yesterday, my therapist asked me which part of my identity i claimed. which part of your identity do you claim? the question has stayed with me. to give you some background, i started therapy back in december, ultimately, because i didn’t feel black enough. what the hell does that even mean? i can't say explicitly. but i can paint you a picture. i suppose, having grown up in predominantly white spaces, having spent years being called out as an oreo, or for speaking differently, etc. etc. something in me has been convinced that i am not an adequate enough black person. that i don’t have an intimate understanding of our culture or our struggle or our joys. i’ve bought into that on most days. and find that each day presents new obstacles that involve feeling unworthy of wearing this beautifully melanated skin.

over the course of these last few months, my therapy sessions have turned into a litany of identity studies. mostly, how i don’t feel adequate in any of my identities. how i don’t feel affirmed. or worthy. and so, yesterday morning, i was telling her how i don’t call myself a writer. like, i wouldn’t put it on my business card. and, likewise, despite something like eight years of photography experience, i won’t call myself a photographer, either. i do those things, i told her. but i cannot claim my identity as a black creative; because i simply don’t feel worthy of that designation.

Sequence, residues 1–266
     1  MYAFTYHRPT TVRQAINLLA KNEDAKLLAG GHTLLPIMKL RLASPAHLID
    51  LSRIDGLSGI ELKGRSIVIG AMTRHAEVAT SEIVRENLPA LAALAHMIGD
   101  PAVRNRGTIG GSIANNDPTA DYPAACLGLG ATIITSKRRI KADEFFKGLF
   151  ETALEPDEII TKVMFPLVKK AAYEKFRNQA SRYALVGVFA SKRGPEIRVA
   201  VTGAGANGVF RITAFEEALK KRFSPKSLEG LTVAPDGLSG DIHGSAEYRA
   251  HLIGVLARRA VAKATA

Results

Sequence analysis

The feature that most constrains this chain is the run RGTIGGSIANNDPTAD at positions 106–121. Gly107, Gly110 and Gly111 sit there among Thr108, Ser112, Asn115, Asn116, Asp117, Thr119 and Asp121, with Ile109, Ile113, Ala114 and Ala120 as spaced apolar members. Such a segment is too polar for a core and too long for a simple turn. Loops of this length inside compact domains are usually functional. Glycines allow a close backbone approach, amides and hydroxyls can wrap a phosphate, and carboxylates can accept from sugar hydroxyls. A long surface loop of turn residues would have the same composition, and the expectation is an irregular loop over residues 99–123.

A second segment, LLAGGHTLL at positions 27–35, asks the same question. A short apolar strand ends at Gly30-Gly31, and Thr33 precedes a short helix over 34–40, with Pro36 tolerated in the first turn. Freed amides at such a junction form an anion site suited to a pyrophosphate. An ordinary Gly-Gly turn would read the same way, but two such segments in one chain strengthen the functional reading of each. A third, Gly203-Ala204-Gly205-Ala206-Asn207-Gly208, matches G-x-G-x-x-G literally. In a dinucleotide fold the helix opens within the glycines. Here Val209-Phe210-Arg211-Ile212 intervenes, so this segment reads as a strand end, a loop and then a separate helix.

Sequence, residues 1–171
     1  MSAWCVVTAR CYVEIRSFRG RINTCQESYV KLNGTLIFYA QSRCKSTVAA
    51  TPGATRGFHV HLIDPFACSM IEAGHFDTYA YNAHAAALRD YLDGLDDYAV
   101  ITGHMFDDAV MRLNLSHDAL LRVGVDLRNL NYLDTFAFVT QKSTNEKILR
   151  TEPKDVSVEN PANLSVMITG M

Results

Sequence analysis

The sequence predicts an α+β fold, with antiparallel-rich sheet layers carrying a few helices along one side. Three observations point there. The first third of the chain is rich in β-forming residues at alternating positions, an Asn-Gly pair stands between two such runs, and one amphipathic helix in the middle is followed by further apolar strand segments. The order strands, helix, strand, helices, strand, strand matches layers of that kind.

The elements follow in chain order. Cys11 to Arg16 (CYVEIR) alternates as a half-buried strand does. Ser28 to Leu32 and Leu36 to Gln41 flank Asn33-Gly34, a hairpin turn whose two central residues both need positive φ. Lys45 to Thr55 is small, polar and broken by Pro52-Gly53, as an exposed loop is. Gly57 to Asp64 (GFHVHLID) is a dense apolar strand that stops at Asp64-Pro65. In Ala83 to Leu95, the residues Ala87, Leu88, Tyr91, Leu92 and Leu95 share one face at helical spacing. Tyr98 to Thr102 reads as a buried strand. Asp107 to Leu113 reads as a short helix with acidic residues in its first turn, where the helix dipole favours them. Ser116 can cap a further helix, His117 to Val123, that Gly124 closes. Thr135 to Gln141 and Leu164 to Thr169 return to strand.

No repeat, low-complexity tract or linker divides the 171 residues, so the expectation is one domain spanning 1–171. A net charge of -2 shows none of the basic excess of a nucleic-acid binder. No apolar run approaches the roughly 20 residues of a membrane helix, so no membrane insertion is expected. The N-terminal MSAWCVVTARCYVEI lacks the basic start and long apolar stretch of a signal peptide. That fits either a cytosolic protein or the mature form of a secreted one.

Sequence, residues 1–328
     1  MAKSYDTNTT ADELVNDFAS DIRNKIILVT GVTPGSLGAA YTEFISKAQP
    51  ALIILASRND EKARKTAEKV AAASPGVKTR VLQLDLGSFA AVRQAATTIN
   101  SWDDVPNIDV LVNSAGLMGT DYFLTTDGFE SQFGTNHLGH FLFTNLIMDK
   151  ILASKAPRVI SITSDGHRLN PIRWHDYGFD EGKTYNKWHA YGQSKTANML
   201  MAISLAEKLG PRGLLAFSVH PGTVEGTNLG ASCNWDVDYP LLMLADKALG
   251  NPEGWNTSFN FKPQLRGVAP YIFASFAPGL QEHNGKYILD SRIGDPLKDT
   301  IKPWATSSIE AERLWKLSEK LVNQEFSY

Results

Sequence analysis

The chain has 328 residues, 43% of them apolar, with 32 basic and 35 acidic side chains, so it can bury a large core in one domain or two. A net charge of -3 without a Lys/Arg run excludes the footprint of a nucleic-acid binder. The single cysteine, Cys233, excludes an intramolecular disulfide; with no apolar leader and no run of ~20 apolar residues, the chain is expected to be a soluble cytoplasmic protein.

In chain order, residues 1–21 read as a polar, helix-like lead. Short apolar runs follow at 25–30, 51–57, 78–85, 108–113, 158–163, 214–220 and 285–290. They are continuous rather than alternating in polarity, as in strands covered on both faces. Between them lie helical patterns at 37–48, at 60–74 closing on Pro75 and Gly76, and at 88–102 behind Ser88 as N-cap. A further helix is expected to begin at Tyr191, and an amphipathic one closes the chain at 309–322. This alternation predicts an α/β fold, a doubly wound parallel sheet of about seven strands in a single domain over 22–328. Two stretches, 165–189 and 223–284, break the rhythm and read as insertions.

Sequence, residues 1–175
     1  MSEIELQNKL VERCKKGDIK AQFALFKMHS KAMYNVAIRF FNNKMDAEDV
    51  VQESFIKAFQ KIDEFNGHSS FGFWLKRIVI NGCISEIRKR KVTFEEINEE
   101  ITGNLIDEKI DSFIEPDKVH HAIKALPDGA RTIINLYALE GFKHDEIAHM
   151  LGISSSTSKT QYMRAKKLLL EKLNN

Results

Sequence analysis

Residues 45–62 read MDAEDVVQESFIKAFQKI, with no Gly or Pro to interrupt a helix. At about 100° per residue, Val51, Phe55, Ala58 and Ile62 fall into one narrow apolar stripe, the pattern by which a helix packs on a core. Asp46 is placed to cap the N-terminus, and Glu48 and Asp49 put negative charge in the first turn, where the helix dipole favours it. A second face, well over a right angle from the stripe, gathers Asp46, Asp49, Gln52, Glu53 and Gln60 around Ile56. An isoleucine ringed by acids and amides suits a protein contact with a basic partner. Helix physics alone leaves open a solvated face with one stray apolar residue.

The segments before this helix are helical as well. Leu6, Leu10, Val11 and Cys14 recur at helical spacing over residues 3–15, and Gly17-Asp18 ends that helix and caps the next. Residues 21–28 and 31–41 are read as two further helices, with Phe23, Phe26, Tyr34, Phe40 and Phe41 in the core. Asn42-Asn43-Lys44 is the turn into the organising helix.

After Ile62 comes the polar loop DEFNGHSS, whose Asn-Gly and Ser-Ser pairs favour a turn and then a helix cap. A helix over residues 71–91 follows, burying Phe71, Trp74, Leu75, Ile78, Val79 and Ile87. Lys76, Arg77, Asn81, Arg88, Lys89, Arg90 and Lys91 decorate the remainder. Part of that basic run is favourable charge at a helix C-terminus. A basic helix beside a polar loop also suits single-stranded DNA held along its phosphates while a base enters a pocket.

we have talked, at length, about how my inability to accept myself has led to a lot of my suffering. we have talked about the opportunity i have to grow and to experience joy and to feel affirmed, if i could only figure out how to extend myself some compassion.